I understand that the sporting world determines my schedule, so I don't mind the lack of structure and consistency. I knew what I was getting into when I decided to enter the industry.
Of course, I'm constantly trying to cope with not having weekends off. All of my closest friends do. That weekend trip down to Charlotte? Forget about it. I've gotten pretty damn good at texting, "I wish I could but can't."
A typical work day for me varies during the week, but I treat every weekend like Game 7 of the Stanley Cup Final. If you're mad I didn't use Super Bowl in that cliche, don't be. Get over it. Anyway, I anchor 4-6 sportscasts between Saturday and Sunday. That number changes because if NCAA football, basketball, PGA, or any award show on CBS goes past the 6 o'clock hour, my sportscast is the very first block to get floated from the 6 p.m. local weekend newscast.
The experience I gain in-studio is invaluable. The goal is to get better every single sportscast. And you know what's nice about what I do? After every show, I can immediately go back to the tape. I'm hard on myself. I always have been. I strive to be the hardest worker in the room. You have to be if you want to stand out in this business. What I really appreciate is when people come up to me and tell me how nice of a job I do on-air. I always figure no one's watching the local news over the weekend. So that's nice to hear every now and again.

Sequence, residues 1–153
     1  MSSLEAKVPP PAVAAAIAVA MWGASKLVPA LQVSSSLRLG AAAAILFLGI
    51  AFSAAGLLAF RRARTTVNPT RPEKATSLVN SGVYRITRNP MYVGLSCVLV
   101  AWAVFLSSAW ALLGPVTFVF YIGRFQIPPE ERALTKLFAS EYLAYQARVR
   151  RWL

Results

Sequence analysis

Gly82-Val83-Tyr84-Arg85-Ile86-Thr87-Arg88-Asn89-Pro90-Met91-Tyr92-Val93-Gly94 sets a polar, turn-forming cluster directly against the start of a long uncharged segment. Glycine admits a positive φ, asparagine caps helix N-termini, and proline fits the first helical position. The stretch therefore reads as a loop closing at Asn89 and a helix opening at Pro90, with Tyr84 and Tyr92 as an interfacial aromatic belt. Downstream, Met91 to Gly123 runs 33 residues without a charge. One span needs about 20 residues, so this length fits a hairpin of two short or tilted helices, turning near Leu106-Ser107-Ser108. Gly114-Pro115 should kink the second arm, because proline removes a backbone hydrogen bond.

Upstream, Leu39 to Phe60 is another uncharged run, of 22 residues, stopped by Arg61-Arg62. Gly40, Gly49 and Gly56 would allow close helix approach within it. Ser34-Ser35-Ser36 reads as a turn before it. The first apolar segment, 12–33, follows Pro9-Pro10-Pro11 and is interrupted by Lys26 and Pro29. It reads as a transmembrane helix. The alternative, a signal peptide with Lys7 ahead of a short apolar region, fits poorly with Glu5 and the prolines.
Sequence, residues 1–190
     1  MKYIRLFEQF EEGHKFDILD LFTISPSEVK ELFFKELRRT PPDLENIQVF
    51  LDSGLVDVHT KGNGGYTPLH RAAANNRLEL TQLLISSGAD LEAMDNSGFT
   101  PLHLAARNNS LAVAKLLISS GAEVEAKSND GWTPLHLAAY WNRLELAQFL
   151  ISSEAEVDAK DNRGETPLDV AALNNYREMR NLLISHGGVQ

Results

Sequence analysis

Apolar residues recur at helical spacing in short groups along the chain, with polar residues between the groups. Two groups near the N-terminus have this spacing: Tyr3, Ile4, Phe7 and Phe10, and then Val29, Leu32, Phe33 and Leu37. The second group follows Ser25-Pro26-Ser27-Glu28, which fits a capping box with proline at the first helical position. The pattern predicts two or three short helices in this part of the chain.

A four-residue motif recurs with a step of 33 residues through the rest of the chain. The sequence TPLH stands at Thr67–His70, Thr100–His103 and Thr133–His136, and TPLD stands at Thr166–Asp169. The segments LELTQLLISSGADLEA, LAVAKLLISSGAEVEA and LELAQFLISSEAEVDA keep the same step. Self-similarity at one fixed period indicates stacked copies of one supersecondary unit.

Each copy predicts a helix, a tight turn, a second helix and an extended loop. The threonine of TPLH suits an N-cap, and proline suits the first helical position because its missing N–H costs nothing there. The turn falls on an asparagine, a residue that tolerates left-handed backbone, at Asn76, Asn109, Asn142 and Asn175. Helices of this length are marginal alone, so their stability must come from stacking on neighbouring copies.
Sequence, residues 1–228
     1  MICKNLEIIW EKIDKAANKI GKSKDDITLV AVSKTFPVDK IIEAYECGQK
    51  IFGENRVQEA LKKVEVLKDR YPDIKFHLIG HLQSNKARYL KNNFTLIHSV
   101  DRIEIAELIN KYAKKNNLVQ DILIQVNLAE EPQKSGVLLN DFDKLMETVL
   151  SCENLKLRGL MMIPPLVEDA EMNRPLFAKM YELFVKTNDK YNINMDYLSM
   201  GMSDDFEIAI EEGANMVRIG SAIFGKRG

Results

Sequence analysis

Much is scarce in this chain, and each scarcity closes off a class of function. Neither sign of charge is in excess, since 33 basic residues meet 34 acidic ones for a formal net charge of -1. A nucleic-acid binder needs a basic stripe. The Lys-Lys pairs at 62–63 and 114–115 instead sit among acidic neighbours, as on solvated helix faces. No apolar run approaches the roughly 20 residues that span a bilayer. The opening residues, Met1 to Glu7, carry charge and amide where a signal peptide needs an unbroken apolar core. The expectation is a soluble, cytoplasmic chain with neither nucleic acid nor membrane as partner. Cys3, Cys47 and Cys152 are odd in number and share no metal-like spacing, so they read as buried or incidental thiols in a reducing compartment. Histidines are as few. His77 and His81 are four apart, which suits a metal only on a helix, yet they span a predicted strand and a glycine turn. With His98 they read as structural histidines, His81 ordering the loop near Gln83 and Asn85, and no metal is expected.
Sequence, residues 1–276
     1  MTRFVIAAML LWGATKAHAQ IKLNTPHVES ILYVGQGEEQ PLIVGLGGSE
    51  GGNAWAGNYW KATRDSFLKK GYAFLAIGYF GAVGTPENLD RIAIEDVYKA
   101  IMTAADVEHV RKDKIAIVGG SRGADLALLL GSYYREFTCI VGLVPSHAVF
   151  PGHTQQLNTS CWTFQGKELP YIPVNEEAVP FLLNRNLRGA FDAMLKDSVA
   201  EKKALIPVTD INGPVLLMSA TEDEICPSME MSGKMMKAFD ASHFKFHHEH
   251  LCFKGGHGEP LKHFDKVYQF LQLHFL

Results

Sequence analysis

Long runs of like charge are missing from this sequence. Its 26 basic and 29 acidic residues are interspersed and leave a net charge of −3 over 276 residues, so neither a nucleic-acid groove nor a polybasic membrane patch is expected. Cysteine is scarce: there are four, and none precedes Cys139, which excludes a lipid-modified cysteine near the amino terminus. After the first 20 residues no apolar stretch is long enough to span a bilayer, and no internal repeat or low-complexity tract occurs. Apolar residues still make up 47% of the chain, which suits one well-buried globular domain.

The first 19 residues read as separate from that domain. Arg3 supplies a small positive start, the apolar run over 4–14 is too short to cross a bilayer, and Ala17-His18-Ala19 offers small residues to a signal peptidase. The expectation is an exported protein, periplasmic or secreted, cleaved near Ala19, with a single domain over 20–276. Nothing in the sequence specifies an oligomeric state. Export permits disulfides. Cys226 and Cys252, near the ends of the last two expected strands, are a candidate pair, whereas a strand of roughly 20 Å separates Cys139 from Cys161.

Some viewers crack me up though. They assume that I make the big bucks and what they see on the tube just magically appears. That's not how it works. First off, I'm not swimming in cash. Secondly, I don't employ minions. I can't because I don't have hiring power. Plus, those guys are expensive. Like most broadcast journalists in small markets, I shoot all the video, write all the scripts, edit all the video, write all the web stories, and post everything across social media platforms. That is what's required in this day and age. You have to be able to do it all. I like the challenge. I know I can do it all.
Recently, at a high school softball game, I had a very good conversation with a parent. At one point, he asked me what the social life is like in the area for a young guy my age. I was completely honest with him. I had no reason to lie. I told him that my work days and hours don't really support a healthy social life. A majority of my time here in the Southern Tier I've spent alone. I'm an extrovert turned introvert. That's not by choice, but I'm not looking for pity. That's just the reality of a 23-year-old sports anchor/reporter in a small market.
Derek Jeter's jersey was retired on Sunday. In an interview with ESPN's Karl Ravech, Jeter talked about his first year of professional baseball and said, "Dealing with struggle and dealing with failure, it's all the first time. I mean, you have a lot of confidence and you've always had success, and now you're struggling. So it was difficult to deal with."
I never went to summer camp.
That's fine by me.
I love what I do. I love getting better at what I do. I love dreaming about what I do and where I can do it.